If we return to the opening quote that began this review, we can read that as an act of oppression of women being relegated to this role, or we can read it as a grand sacrifice for the greater good If women had never been subservient to men, then civilisation as we know it would not exist If women were as strong physically as men and did not need a man s protection, how different would things be Has nature intentionally hampered women to create the proper dynamic for the human species to evolve into civilised creatures Regardless of any type of grand design, we can say now that most of us do live in a civilized world and that the days of women needing to be looking glasses is over I believe that women are quite capable of molding the world to fit their needs without waiting for a man to do it for them Suffragettes worked for many decades to achieve the vote In Britain, they had that right given to them in 1918 and in the United States in 1920 Virginia Woolf emphatically says that getting the right to vote was secondary to her receiving an inheritance of 500 pounds a year from her aunt The right to vote did not give her power over her own life, but having her own money did She could afford a room of her own, and she could afford to be a serious writer Of course, financial independence is important, but I d never really thought about it carrying weight than having the right to vote We may have seen this play out in the 2016 election when 47% of white women voted for Trump and 45% voted for Clinton One would think that Clinton would offer these women future advantages, but when thinking about at least the immediate future, these women who supported Trump must have felt that he offered opportunity for a robust economy Discounting the one issue voters who have routinely voted against their best interests for decades in the hopes of overturning Roe vs Wade, any reasonable projection would have expected white women to vote for Clinton I ve believed for a long time that women could easily control the politics of this country as they did in the 2018 midterms The interesting thing will be what will be the guiding principle for voting in 2020 If economics is the most important issue for a woman, not only for herself but for the men in her family, there is a chance that the split of the vote could be similar to 2016 This feels like a digression, but at the same time, maybe Woolf from 1929 has given me insight into what is still of most concern to women in the 21st centurystriving towards economic freedom Woolf introduces me to Aphra Behn, a playwright from the 17th century who became the first woman to make an independent living with her pen From what I ve briefly gathered, it seems she was a woman who lived as a man would, in pursuit of her pleasures Woolf refers to her asshady and amorousBehn was a true trailblazer there is ever only one first, but once there is a first, we hope for a second and a third and a hundred The importance of Aphra s contribution to Woolf s own success was not lost on herAll women together ought to let flowers fall upon the tomb of Aphra Behn, which is, most scandalously but rather appropriately, in Westminster Abbey, for it was she who earned them the right to speak their mindsShe did make it into Westminster, but was not allowed to be buried in the Poet s corner where she belonged Woolf talks about the economics of being a writer, about really needing to be born to a certain class to even receive an education that would allow the blossoms of creativity to be born She talks about the androgynous mind and the writers who possessed it, such as Coleridge and ShakespeareWhen one takes a sentence of Coleridge into the mind, it explodes and gives birth to all kinds of other ideas, and that is the only sort of writing of which one can say that it has the secret of perpetual lifeDid I just hear the rattle of grinning bones from Coleridge s grave Looking through my notes, there are so many things that I could discuss about this book It sounds like a heavy book, but it is made weightless by the stream of consciousness style Woolf uses You really feel as if you are walking with her through the gardens of Fernham as she works to compose her thoughts on what women really want, what women really need, and how best to achieve happiness She knows the importance, of course, of being oneself, and I think she has also made it very clear how difficult it is, but also how important it is for women to achievea room of their own If you wish to see of my most recent book and movie reviews, visit also have a Facebook blogger page at A Room of One s Own, Virginia WoolfA Room of One s Own is an extended essay by Virginia Woolf First published on 24 October 1929, the essay was based on a series of lectures she delivered at Newnham College and Girton College, two women s colleges at Cambridge University in October 1928 While this extended essay in fact employs a fictional narrator and narrative to explore women both as writers of and characters in fiction, the manuscript for the delivery of the series of lectures, titled Women and Fiction , which was published in Forum March 1929, and hence the essay, are considered non fiction The essay is generally seen as a feminist text and is noted in its argument for both a literal and figurative space for women writers within a literary tradition dominated by men 2004 1383 160 1388 9789644482144 20 1391 176 9786006867335 2004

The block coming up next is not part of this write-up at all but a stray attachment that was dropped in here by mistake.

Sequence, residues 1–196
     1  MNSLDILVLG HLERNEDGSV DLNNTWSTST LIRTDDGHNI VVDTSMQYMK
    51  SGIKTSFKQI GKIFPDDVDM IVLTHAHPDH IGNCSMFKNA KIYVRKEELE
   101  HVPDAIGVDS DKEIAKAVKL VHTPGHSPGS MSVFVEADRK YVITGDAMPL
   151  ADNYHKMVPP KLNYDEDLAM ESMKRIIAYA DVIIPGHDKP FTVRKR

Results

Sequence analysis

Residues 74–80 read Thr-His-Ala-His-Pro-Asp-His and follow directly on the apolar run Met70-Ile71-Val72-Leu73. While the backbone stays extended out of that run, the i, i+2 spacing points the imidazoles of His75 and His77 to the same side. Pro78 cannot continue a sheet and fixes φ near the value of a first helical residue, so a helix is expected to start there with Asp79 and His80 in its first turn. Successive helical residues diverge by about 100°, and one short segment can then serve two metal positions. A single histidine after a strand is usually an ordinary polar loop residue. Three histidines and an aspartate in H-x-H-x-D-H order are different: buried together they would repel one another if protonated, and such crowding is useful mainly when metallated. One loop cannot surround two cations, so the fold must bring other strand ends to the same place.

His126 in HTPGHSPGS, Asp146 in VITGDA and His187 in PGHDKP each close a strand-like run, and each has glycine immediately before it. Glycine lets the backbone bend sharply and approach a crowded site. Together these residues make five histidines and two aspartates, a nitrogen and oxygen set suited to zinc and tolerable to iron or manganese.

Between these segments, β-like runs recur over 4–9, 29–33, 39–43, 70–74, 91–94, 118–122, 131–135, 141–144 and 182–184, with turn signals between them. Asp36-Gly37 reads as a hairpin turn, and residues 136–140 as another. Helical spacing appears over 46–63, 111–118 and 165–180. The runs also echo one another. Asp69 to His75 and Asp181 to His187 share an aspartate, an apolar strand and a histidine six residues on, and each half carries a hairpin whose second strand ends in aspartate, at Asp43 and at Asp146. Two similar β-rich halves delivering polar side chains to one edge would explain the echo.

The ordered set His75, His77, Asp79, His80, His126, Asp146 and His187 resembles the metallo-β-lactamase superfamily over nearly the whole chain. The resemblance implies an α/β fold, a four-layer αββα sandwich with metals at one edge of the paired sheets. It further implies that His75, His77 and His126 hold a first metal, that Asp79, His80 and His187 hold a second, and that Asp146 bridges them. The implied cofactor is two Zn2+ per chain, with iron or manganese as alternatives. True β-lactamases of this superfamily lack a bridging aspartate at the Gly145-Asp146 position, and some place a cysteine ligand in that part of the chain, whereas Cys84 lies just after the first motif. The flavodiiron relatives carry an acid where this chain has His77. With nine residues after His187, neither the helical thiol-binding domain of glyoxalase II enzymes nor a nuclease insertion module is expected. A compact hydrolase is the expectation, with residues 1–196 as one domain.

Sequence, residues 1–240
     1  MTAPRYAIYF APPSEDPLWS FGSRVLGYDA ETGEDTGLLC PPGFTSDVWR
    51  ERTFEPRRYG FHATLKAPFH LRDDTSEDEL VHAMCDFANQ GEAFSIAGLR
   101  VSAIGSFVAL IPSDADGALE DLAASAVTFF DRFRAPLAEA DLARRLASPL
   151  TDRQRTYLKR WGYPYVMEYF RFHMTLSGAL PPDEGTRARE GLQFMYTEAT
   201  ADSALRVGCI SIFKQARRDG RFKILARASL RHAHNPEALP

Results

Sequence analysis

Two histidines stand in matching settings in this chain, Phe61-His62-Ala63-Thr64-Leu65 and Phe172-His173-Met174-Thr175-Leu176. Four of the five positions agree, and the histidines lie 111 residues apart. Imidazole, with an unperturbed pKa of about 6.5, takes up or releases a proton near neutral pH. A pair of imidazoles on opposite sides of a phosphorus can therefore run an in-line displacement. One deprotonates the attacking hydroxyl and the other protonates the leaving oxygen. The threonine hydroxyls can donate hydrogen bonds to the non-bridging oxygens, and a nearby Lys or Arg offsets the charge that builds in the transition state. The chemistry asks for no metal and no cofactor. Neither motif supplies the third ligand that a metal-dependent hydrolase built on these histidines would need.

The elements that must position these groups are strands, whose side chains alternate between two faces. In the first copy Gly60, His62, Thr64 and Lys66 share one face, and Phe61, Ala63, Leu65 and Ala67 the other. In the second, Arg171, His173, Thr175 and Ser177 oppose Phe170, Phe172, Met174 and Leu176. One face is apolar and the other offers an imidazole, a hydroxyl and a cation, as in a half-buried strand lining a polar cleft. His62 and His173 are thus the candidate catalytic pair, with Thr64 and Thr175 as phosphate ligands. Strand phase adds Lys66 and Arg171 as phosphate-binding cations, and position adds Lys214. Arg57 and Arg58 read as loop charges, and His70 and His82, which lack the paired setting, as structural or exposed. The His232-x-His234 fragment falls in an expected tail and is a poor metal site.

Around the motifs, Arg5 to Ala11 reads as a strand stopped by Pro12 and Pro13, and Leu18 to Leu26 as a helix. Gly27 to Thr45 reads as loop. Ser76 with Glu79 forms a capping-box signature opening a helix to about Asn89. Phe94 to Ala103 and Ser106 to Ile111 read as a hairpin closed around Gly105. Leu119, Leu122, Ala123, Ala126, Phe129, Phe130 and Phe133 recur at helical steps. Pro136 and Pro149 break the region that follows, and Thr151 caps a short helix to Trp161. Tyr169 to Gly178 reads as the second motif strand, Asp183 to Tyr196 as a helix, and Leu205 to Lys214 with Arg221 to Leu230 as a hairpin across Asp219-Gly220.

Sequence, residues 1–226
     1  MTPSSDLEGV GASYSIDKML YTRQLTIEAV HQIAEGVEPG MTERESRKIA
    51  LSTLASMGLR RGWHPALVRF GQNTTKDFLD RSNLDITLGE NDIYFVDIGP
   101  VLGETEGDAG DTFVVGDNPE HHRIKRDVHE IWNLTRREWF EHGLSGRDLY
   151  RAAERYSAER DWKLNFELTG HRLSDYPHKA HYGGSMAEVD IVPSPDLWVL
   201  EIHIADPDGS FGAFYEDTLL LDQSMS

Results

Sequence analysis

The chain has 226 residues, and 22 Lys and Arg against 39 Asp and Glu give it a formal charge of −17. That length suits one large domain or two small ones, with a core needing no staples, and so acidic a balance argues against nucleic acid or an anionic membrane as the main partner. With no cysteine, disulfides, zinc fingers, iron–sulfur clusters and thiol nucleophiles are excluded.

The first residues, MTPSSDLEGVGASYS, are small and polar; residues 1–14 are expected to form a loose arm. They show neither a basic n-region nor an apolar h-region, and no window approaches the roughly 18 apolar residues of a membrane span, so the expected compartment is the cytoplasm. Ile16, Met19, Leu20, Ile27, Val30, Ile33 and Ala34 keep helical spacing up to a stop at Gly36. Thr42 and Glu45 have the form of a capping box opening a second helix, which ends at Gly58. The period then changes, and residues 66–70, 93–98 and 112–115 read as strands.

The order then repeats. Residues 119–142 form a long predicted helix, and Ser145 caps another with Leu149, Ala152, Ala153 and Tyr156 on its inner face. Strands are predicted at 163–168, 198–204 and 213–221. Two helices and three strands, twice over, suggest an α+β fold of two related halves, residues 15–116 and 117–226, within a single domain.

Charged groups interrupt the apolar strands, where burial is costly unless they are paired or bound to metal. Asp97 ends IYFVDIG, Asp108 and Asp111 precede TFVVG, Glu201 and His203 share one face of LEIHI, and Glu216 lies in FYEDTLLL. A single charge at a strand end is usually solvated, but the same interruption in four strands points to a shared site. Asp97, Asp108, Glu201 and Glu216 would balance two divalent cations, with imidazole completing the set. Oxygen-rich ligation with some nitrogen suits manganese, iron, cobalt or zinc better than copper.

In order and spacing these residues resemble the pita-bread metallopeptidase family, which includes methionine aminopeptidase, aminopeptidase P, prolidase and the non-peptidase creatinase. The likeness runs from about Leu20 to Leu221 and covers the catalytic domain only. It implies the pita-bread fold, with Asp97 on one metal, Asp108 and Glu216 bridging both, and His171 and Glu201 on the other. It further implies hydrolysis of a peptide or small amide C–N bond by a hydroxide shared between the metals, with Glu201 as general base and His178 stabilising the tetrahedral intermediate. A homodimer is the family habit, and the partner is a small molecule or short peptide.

I can t believe I only read this book now I would have needed it when I was 18, and 25, and last year and yesterday The opening sentence caught me, right away But, you may say, we asked you to speak about women and fiction what has that got to do with a room of one s own I don t even need to read Virginia Woolf s justification before I exclaim EVERYTHING, it has EVERYTHING to do with a room of one s own Whoever loves art, literature, and the act of writing, drawing or reading knows how hard it is to keep the deep concentration necessary to achieve something of relative creative value If you are constantly in company, then casual interruptions , as Woolf calls them, will eventually make you give up and do something less challenging Quiet space and time are fundamentally important, and women have been denied both over the course of history As Woolf is a storyteller, even when she writes nonfiction, she demonstrates the creative process by evoking an afternoon on the riverbank, where she catches a thought just like a fish A man interrupts, and the thought disappears, never to be found again She goes on to reflect on the development of literature, and the fact that men historically have produced works of art than women Her question throughout the essay is Why is that As she cannot accept the idea that men are physically and mentally stronger an explanation she hears and finds in reference literature , there must be a different reason, which she sets out to discover She analyses the traditional gender roles and points out that men have three advantages money, space, and education To prove her point, she invents a brilliant sister of Shakespeare s, and assumes that she is equally talented Woolf creates a storyline for her quest to conquer the literary world of the 16th century just like Shakespeare did in real life, and shows the various stages at which her access to the world are blocked It is a harsh story, and it illustrates the difference between men s and women s opportunities perfectly.